Understanding Pediatric Pelvic Floor Disorders

Pelvic floor disorders, though often associated with adulthood, can affect children too. These problems relate to the group of muscles forming a kind of hammock across the pelvis, supporting the bladder, bowels, and the uterus in girls.

Understanding these disorders, their causes, symptoms, and treatment options can help parents seek timely help for their children and implement preventive measures.

What Causes Pediatric Pelvic Floor Disorders?

Several underlying medical conditions and behavioral factors can contribute to pelvic floor disorders in children. Let’s take a closer look at examples of each to understand better how they may affect your child.

Underlying Medical Conditions

Certain medical conditions can predispose a child to develop pelvic floor disorders. These may include:

  1. Neurological disorders: Conditions like spina bifida, cerebral palsy, or a spinal cord injury can interfere with nerve signals between the brain and the pelvic floor muscles, leading to dysfunction.
  2. Congenital anomalies: Some children are born with structural abnormalities in the pelvic region, such as an imperforate anus (a missing or blocked anus), which can contribute to pelvic floor disorders.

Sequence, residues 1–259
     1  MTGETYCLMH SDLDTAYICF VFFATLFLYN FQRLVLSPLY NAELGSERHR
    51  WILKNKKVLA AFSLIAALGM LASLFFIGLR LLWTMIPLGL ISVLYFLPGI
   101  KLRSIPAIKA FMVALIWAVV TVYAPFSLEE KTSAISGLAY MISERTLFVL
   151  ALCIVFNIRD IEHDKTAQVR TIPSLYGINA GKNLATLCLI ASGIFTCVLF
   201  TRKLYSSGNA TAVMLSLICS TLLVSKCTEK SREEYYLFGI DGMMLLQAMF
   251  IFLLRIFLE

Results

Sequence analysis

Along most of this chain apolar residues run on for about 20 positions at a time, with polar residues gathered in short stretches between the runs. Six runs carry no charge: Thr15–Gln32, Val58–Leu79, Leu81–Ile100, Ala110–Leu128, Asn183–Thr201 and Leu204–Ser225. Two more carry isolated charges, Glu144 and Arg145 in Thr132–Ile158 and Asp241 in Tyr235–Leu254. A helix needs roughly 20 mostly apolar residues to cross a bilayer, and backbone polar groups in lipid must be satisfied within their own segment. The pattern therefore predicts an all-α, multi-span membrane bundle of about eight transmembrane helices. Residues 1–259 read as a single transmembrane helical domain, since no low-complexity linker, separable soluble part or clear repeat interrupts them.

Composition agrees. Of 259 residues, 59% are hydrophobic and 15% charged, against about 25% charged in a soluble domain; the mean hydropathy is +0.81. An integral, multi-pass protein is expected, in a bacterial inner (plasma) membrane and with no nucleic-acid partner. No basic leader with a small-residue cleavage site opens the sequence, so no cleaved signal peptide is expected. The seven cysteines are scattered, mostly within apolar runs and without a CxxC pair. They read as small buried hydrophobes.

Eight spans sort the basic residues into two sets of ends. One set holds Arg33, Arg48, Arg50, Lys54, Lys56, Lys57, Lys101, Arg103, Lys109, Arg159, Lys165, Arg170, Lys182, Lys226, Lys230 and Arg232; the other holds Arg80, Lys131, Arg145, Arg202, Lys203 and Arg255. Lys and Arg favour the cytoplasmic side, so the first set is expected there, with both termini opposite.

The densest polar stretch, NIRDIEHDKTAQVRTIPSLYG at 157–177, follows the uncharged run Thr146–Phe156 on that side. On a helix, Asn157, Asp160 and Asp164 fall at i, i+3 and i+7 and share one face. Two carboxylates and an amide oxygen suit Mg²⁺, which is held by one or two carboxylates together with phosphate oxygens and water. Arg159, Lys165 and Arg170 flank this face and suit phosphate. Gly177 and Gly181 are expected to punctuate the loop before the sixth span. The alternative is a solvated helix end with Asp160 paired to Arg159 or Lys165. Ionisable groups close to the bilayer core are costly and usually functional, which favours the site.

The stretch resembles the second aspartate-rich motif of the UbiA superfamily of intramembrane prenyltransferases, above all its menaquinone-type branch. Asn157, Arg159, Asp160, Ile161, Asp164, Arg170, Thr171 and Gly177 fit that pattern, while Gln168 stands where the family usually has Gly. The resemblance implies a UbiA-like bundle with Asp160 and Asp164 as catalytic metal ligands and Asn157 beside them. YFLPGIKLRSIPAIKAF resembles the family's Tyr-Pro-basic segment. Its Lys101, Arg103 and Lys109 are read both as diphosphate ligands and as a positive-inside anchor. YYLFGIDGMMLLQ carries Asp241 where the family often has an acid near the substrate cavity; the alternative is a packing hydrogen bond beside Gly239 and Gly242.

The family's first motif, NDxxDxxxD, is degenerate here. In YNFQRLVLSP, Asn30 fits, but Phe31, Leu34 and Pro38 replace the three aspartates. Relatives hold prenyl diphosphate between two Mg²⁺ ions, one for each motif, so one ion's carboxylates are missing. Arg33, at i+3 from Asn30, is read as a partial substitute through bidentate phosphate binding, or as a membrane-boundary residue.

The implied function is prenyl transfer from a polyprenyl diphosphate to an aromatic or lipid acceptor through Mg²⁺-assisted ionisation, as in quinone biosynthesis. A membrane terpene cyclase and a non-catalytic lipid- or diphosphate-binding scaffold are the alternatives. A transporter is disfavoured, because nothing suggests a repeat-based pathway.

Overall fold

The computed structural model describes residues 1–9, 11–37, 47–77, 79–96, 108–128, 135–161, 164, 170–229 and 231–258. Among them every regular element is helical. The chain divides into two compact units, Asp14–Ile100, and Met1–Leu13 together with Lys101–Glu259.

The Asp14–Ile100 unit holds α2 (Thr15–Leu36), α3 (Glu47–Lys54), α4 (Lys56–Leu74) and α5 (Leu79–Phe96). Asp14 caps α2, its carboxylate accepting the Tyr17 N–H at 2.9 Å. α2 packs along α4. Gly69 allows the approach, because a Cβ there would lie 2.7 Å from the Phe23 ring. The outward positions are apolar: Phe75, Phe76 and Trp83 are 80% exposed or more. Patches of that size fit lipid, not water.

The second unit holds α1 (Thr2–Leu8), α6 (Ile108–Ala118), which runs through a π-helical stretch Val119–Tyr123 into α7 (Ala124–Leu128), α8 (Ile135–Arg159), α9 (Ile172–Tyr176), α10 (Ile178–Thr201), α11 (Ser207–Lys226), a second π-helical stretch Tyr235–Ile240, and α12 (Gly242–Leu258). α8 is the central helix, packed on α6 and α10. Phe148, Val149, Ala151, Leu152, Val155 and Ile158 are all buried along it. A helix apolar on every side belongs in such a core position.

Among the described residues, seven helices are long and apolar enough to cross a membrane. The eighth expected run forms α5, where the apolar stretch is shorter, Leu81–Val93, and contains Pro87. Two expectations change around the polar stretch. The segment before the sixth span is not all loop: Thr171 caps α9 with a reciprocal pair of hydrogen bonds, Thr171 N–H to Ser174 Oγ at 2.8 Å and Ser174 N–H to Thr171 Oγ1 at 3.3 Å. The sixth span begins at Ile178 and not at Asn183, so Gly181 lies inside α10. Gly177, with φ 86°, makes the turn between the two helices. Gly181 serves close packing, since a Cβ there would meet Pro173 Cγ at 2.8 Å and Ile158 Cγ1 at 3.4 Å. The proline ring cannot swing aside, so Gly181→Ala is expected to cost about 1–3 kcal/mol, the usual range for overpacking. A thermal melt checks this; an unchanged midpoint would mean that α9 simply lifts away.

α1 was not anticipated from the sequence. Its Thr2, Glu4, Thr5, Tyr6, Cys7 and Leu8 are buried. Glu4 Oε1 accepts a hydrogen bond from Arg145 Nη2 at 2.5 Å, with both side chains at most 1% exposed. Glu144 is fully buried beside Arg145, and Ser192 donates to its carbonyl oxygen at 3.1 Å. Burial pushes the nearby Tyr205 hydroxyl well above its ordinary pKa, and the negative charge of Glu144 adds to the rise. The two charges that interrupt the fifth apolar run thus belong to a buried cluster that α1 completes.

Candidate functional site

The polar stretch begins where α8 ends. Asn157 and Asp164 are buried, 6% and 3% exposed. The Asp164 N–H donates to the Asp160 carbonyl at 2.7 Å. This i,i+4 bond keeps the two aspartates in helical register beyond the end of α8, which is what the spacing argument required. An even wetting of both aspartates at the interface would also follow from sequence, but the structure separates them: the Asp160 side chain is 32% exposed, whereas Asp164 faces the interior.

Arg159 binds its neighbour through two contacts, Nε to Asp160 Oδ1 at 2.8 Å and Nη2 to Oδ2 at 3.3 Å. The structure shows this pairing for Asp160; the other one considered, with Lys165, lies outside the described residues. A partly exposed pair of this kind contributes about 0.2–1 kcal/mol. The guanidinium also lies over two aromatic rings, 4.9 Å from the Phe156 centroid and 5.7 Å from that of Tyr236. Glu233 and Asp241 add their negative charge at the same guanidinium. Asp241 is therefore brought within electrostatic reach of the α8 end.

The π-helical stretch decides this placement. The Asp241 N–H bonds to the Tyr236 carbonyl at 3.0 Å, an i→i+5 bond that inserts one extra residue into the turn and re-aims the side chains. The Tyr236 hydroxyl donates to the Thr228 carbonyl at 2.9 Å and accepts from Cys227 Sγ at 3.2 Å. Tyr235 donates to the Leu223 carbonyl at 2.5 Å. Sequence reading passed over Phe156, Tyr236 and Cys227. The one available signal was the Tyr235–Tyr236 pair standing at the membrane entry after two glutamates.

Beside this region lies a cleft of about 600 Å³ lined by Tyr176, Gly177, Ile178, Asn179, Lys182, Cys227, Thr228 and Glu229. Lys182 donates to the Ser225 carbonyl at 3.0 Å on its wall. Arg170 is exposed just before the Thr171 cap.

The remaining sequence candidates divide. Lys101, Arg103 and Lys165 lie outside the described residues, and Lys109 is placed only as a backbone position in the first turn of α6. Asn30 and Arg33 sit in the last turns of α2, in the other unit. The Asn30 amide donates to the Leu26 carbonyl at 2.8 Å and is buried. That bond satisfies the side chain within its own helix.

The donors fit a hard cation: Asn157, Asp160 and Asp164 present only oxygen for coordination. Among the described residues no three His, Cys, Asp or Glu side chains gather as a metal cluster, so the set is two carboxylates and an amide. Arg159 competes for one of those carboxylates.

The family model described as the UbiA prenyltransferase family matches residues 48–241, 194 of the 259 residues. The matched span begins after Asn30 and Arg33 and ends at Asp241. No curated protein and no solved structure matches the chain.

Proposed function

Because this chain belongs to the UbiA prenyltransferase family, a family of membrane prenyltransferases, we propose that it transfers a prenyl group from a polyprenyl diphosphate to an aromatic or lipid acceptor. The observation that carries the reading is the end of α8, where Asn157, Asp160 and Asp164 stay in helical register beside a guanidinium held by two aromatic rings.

3. Post-surgical complications: Surgery in the pelvic region can sometimes damage or weaken the pelvic floor muscles.

Behavioral Factors

Behavioral factors can also play a part in developing pediatric pelvic floor disorders. These include:

  1. Chronic constipation: Regular straining during bowel movements can weaken the pelvic floor muscles over time.
  2. Improper toilet training: Inappropriate toilet training techniques may lead to dysfunctional elimination syndromes.
  3. Overactive bladder: Children with this condition may constantly contract their pelvic floor muscles, which can lead to fatigue and dysfunction.

Symptoms of Pediatric Pelvic Floor Disorders

The symptoms can vary greatly depending on the specific disorder and its severity. Some common signs and symptoms include:

  1. Urinary problems: These may include incontinence (involuntary leakage), urgency, frequent urination, or painful urination.
  2. Bowel issues: Symptoms might include constipation, incontinence, or painful bowel movements.
  3. Pelvic pain: Children may complain of discomfort or pain in the lower abdomen or pelvic region.
  4. Behavioral changes: Affected children may start avoiding social activities due to embarrassment or fear of accidents.